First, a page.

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"I think it's a terrible idea," he said. "It's in contravention of everything we've been working towards for over a year." Chartrand said the public safety study would target where the heavy call volume falls, something he felt necessary before adding staff.

Selectwoman Anne Surman felt the department had presented them with the data they needed to add two more positions. "It's 10 years later, things have grown, things have changed," she said. "I don't think we need to study anymore. I think it's time to give this department these two people that they need."

Comeau told the selectmen the intention would be to start the staffers off as floaters, Monday through Friday between 6 a.m. and 6 p.m.

Selectwoman Kathy Corson noted Exeter's aging population as something undoubtedly taxing on the Fire Department. Comeau said 72 percent of their EMS calls are for people 55 and older. Currently, 29.5 percent of total households in Exeter are 65 and older.

"We understand and are certainly not afraid of a study," Comeau said. "But the issue is the timing, where are we going to be in two years call-wise? We see increased injuries, increased time lost to workers' comp because they're working harder and going on more calls. The chance of getting hurt is certainly greater."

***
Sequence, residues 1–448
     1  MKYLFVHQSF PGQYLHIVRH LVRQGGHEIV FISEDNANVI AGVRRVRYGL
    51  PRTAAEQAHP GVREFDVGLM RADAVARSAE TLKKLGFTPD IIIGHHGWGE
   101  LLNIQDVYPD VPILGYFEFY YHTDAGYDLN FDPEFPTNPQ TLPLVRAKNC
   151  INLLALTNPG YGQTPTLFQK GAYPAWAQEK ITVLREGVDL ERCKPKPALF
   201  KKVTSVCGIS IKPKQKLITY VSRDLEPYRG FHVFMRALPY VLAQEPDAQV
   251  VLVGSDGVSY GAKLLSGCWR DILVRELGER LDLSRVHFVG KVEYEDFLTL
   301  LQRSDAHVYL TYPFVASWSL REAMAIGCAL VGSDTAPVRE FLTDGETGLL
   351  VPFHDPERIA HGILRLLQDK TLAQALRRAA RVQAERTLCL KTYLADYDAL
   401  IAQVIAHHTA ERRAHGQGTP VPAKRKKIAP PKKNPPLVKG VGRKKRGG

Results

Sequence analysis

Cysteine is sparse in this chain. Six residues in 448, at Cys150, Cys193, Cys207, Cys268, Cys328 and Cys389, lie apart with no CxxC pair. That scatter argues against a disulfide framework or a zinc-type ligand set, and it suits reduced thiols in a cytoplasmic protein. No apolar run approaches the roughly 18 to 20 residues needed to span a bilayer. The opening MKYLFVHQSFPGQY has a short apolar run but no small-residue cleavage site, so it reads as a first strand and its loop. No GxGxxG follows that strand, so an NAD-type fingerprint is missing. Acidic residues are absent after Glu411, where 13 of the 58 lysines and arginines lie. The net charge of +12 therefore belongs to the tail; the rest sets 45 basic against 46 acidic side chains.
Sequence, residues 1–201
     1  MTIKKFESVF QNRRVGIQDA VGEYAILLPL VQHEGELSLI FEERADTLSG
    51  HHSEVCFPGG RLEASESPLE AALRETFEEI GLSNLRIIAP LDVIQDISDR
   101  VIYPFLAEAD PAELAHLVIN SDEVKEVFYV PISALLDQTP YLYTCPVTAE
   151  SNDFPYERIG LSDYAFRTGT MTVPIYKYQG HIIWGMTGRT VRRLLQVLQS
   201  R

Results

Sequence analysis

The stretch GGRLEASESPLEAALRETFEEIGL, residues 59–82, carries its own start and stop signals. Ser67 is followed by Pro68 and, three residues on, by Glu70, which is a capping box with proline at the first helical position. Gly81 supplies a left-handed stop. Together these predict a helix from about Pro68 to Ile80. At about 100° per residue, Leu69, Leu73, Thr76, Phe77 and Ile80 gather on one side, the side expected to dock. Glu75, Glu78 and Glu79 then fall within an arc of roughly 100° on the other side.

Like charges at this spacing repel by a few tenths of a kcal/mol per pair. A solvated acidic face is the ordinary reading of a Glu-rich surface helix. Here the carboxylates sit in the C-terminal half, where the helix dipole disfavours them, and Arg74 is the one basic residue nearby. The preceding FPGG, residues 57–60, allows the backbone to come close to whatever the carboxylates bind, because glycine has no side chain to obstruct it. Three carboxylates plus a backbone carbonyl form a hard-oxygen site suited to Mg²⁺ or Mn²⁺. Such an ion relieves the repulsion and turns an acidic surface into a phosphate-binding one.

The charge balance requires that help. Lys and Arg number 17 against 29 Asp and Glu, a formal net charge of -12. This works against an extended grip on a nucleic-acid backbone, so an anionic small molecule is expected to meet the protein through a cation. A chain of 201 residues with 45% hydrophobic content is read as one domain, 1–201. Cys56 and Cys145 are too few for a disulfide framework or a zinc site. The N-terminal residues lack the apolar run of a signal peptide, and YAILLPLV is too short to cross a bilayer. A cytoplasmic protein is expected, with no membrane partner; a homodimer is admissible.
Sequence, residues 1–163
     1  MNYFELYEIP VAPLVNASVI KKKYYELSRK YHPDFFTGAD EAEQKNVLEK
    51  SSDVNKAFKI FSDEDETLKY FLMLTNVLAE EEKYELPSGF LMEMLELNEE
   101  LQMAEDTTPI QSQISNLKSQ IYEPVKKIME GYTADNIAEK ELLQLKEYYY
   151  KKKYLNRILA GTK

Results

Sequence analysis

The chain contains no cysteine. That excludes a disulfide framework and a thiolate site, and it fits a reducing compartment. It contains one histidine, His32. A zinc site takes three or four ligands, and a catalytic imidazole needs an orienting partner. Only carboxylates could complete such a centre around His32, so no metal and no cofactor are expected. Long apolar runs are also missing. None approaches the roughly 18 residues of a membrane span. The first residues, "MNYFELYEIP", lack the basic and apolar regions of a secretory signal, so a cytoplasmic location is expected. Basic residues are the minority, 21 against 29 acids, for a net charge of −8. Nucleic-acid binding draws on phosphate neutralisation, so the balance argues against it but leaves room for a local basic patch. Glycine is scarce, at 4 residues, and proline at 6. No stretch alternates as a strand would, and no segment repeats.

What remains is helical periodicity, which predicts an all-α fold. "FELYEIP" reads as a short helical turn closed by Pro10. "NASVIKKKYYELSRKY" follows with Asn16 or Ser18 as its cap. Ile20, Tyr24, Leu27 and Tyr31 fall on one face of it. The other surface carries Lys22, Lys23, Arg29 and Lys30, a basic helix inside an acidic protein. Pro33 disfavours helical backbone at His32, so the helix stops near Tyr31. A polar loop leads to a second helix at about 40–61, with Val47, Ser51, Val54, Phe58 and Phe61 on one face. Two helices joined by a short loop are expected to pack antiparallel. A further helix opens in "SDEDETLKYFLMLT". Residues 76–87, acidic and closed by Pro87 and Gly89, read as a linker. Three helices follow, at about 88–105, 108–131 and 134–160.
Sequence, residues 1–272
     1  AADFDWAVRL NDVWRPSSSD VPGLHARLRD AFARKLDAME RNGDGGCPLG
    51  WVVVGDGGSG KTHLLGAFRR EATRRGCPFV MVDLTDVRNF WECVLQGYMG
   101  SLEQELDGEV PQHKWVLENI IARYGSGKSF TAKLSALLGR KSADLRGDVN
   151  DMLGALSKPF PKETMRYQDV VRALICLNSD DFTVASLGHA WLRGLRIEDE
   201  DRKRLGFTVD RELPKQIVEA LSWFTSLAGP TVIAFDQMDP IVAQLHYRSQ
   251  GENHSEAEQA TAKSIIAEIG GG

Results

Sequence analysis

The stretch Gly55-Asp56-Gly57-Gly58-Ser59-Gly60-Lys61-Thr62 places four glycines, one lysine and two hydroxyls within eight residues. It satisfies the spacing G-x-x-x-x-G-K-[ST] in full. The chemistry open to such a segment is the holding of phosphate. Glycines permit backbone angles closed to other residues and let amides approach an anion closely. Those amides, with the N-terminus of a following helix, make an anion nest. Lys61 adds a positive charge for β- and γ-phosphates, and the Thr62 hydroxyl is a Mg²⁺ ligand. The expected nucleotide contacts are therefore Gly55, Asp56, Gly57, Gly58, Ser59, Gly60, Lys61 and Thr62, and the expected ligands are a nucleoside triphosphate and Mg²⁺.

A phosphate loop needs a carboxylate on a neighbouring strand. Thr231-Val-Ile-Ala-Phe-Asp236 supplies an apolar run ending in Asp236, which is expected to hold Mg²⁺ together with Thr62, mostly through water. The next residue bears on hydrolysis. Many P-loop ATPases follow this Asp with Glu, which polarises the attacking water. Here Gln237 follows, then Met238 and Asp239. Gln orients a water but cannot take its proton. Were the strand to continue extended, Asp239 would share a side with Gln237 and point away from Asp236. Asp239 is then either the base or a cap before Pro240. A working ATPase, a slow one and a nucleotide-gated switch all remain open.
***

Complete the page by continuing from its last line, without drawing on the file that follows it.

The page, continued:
Chartrand was still not convinced. "I just think that the town manager and Budget Recommendations Committee have laid out a path forward to try and innovate in this department and really find out how they can do more. It's just not a good decision. I know I'm not going to sway this board. This board is on the verge of ignoring this common sense advice."

"I'm taking the course what I believe is in the best interest of the residents of the town of Exeter," Selectmen Chairman Don Clement answered. "I believe right now we are in a situation where we were understaffed for all of this year. It's going to put our citizens at a greater risk than they are now."

Comeau said he was pleased to have support from the majority of the board on an issue that has spanned over two years now. Over the last year, the department has ramped up its social media presence, using both Twitter and Facebook to alert the general public of their staffing needs and daily calls.

"We need to grow with the community," Comeau said. "That's the checks and balances thing that I think we're struggling with today. It's been 10 years (since we got new staff)."

Assistant Fire Chief Eric Wilking noted as people and businesses consider moving to Exeter, strong emergency services response is as important as the quality of the school system, for example.

"We think these two firefighters and any additional growth that we decide has to happen is just keeping pace with the growth of the community," Wilking said. And as Exeter sees an increase in apartments, senior living, single-family homes and potential workforce housing, the need surges, Comeau said.

The past few years have also seen talk of constructing a new sub-station on Continental Drive in the Epping Road corridor, but that doesn't happen without additional personnel.

The formal public hearing on the town's budget, warrant and bond articles will be held Tuesday, Jan. 18 at 7 p.m. Selectmen will finalize what voters will see at the Feb. 3 deliberative session, including the future of the additional firefighters positions.